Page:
A fantasy of shrinking your family can be entertaining, especially if you know from the start that it is a Disney film intended to entertain the entire family. We love to be entertained — taken away from the real world for a while. But what about the real world of today’s job market? It is shrinking, too.
Yes, Virginia, the job market is shrinking. I am here to tell you the cold hard facts that no one else seems to recognize … or, perhaps they just don’t want you to know. In Chapter 18 of Fast Track Your Job Search (and Career!), I include a graph of the U.S. net employment change by quarter per the Bureau of Labor Statistics (BLS). That graph indicates that, while our population grew 20% during the last 20 years, the total number of jobs has trended slowly downward.
Next, consider that the BLS defines a person as employed if they have done ANY paid work during the week when they are surveyed. This means that a person is classified as employed if they are found to be working part time, in a temporary job, in a short-term contact, etc. Given that the proportion of people NOT in full time jobs has become a growing segment of the workforce, this means that the downward trend of “full time” jobs is actually larger than that of jobs in general. You already knew this.
As William Bridges noted in his 1994 book titled JobShift,
During a transition period like ours, jobs too will be around for a while. So if you still have one, hold on to it while you work on your alternatives. For quite some time many people will find a job to be a workable stopgap solution to the need for an income. But the only long term solution is to rebuild your career and your life around strategies that work in a dejobbed environment.
So, why am I sharing what many of you are likely to take as bad news? Because it is important that you consider this megatrend when making future career plans and employment decisions. More and more people must consider alternatives to full time jobs if we are all to prosper in an America that continues, regardless of the political party in power in Washington, to become “dejobbed.” Here are some alternatives to a full time job that more people need to be considering:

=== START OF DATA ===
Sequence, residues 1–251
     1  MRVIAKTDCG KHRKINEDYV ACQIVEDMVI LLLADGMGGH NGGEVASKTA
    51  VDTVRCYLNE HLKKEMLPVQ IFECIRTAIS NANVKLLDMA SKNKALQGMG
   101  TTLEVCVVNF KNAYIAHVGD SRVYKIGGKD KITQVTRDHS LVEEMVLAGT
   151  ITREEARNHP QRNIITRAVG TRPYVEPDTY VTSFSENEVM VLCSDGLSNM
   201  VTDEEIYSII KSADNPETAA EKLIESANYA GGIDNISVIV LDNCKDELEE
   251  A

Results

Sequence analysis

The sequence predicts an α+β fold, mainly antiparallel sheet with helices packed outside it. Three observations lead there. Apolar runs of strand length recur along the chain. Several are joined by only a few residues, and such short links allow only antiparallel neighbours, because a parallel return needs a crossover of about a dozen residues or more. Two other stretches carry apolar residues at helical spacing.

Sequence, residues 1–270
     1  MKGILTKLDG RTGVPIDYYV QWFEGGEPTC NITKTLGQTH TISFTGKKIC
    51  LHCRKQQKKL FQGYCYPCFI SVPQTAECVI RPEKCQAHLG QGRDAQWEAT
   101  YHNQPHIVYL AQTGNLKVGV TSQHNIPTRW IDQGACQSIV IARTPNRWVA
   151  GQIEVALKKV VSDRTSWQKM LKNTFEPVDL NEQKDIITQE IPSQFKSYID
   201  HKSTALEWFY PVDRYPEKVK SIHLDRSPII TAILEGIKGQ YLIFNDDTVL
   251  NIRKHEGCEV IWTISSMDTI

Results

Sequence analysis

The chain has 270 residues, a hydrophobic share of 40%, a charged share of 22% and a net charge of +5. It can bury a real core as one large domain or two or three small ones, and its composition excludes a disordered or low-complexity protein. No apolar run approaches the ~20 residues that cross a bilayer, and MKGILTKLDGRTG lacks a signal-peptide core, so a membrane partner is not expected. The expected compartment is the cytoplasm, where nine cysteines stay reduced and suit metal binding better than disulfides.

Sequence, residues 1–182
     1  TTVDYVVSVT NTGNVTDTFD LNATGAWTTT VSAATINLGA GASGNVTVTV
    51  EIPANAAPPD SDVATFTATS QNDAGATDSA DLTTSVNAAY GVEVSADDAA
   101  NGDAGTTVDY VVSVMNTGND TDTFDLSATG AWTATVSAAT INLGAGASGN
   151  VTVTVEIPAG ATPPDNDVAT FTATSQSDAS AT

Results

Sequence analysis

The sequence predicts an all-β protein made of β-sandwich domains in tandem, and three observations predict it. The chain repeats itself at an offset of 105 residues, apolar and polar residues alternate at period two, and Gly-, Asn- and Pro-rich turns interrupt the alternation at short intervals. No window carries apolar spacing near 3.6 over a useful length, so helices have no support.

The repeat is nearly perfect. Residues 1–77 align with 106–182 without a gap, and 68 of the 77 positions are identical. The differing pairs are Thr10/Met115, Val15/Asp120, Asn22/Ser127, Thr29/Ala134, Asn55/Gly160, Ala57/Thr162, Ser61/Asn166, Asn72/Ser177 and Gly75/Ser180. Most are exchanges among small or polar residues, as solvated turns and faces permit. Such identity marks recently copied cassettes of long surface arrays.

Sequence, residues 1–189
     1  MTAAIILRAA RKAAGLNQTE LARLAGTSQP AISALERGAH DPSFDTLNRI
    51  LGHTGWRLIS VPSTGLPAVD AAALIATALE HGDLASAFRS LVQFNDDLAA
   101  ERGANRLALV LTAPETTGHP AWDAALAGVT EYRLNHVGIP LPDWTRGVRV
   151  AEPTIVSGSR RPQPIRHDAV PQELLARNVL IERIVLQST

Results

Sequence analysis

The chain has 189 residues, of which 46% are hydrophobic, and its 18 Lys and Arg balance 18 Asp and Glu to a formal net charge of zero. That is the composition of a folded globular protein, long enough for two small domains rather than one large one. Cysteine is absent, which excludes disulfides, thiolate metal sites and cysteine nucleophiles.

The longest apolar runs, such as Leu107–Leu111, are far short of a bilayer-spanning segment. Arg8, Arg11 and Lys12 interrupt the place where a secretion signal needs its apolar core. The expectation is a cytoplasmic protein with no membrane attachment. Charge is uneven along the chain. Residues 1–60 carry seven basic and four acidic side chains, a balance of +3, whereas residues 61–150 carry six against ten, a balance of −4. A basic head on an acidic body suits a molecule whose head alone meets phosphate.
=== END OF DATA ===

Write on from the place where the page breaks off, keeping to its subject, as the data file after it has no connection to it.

1. Independent consulting – Working for yourself and/or part-time with a consulting company.
2. 1099 “employment” – Working for an employer as an independent contractor.
3. Entrepreneurism 1 – Starting your own company from scratch.
4. Entrepreneurism 2 – Buying an existing business or a franchise.
5. Portfolio career – Developing some combination of two or more of the previous options, to establish the income you desire.
In the ancient employment paradigm of the 20th century, getting a good job with a good company was the gold standard that the vast majority of self-sustaining people pursued. Entrepreneurs were the tiny minority. In the 21st century, the old gold standard is slowly fading away. In the 21st century, perhaps your new brand should be entrepreneur or consultant.
If some of the options have gotten your attention, then consider reading Ceren Cubucku’s article titled Have You Ever Thought about Becoming an Entrepreneur? to consider more seriously what it takes to pursue the entrepreneurial option. And read Beth Kuhel’s article titled Starting Your Own Business? Keep It Simple for Success! if you would like suggestions for planning a new business.
Have you already found an alternative to the elusive 21st century “full time job”? I would love to hear about your experiences and suggestions.
Richard Kirby is an executive career consultant, speaker on career strategies, and author of Fast Track Your Job Search (and Career!). Richard Kirby’s earlier experience includes managing engineering, human resources, marketing and sales teams for employers that ranged from a Fortune 100 to a VC-funded entrepreneurial startup. For the past 11 years at Executive Impact, Richard has helped hundreds of executives and professionals successfully navigate today’s transformed 21st century job market and achieve better employment for themselves. Richard’s expertise includes career assessments and goal setting, personal marketing/branding, resume enhancement, strategic networking and job interviewing, and “contrarian” job search methodologies. He is a Board Certified Coach (in career coaching) and a Certified Management Consultant (recognized by the ISO).